Paperwork Errors My As*!

I feel compelled to discuss a few things here.  Normally I do not editorialize too much but I’m breaking my rule.  Three things:

  1. Lies about who you are, who you represent, that entity’s interest, lack of personal knowledge, whether a note has already been satisfied, and trumping up fake assignments of a deed of trust years after the note was allegedly transferred in securitization aren’t just “procedural paperwork errors.”
  2. Why in the hell do judicial foreclosure states (no offense to judicial foreclosure states; they need help too, obviously, with the rocket docket syndrome) need more protection than non-judicial?  In non-judicial states, the fraud occurs outside the gaze of a courtroom in the majority of cases, not that the gaze of a courtroom is much protection in Arizona. 
  3. Where is the Arizona Attorney General?  Too busy running for governor?

For more than a year, my colleagues and I have been arguing about the fraud that these foreclosure mills, servicers, and investment banks have been perpetrating.  We have pled it and pled it and pled it, only to be removed to federal court by the masses of bank attorneys that converge on these cases like locusts.  Do you think we might get some discovery?  No, these feds are dismissing on the pleadings, betting that most homeowners cannot afford to appeal to the 9th.  These cases lay out massive substantive problems in the timelines, the authority of signatories to trumped up assignments, fraud in the recording of these documents, lack of personal knowledge, ad nauseum.  These are serious problems, folks.  Bad law is being made, with huge changes to hundreds of years of black letter property law, commercial law, and just basic rules of procedure and evidence.  When I saw that GMAC claimed these are just “paperwork errors” that will be cleared up soon, I laughed until my side hurt.  Except that it is really not funny, especially to the families being kicked out of their homes by strangers to their contracts, strangers that are not owed a dime.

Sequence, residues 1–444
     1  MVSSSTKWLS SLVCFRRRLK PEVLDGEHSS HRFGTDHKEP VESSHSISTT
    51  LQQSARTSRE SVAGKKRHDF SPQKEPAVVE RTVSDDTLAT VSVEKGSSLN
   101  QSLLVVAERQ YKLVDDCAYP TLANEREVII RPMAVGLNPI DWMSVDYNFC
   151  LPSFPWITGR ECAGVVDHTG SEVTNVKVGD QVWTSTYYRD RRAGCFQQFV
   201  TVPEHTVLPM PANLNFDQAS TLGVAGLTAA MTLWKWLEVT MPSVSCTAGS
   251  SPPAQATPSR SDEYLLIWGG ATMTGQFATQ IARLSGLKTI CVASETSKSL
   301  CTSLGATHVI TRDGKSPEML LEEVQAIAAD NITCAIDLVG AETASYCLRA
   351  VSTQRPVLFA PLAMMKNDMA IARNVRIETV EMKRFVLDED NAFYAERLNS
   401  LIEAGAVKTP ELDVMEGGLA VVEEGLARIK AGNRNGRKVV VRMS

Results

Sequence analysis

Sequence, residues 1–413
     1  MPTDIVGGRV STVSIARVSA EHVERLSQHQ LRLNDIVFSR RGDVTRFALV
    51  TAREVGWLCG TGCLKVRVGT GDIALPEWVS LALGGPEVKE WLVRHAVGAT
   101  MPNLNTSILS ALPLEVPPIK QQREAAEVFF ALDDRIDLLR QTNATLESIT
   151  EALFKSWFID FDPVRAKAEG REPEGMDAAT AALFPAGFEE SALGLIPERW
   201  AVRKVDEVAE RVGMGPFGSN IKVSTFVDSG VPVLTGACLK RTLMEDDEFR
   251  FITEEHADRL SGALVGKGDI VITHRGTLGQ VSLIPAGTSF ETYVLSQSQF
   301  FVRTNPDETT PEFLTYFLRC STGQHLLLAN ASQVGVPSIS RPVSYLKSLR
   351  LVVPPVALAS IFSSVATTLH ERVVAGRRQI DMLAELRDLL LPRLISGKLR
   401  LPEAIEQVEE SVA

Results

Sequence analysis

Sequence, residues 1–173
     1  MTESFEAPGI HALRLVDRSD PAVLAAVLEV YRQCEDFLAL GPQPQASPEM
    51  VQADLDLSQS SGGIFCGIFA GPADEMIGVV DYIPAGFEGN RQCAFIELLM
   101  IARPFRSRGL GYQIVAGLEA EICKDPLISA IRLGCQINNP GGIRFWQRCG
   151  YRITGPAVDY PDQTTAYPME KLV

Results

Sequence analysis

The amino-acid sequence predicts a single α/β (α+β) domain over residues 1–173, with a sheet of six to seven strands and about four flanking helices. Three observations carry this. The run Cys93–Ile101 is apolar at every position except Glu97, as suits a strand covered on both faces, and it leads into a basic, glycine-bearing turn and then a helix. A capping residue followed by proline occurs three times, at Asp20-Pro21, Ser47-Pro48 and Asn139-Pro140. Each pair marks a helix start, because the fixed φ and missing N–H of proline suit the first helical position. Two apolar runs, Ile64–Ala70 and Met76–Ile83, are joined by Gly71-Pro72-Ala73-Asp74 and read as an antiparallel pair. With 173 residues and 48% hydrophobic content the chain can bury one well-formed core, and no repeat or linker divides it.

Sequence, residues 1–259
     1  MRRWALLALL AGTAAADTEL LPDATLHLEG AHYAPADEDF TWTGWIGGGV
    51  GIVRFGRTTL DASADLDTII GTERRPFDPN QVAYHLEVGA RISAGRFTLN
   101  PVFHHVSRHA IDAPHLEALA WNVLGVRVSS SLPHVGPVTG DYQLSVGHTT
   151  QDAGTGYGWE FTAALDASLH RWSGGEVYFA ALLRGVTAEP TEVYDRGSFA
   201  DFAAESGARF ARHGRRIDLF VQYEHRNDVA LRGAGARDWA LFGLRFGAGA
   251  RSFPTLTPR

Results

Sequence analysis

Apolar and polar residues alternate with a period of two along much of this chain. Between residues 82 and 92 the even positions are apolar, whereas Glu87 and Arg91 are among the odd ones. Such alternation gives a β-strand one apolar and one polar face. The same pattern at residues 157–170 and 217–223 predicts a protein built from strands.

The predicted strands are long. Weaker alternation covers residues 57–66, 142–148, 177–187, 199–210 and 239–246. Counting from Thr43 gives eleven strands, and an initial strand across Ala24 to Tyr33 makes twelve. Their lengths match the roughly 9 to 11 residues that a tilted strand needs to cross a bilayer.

Secondly, this one to the judiciary, non-judicial foreclosure statutes (passed by the Legislature in the 70’s and promoted as consumer friendly)are not a license for intermediaries to steal houses or to spoil evidence, or commit fraud on the court.

Finally, why is easier to steal a house than to repossess or steal a car?  Just stick another nail in the coffin of the American middle class. 

So this is my rant for now.  I have work to do.  Stay tuned.

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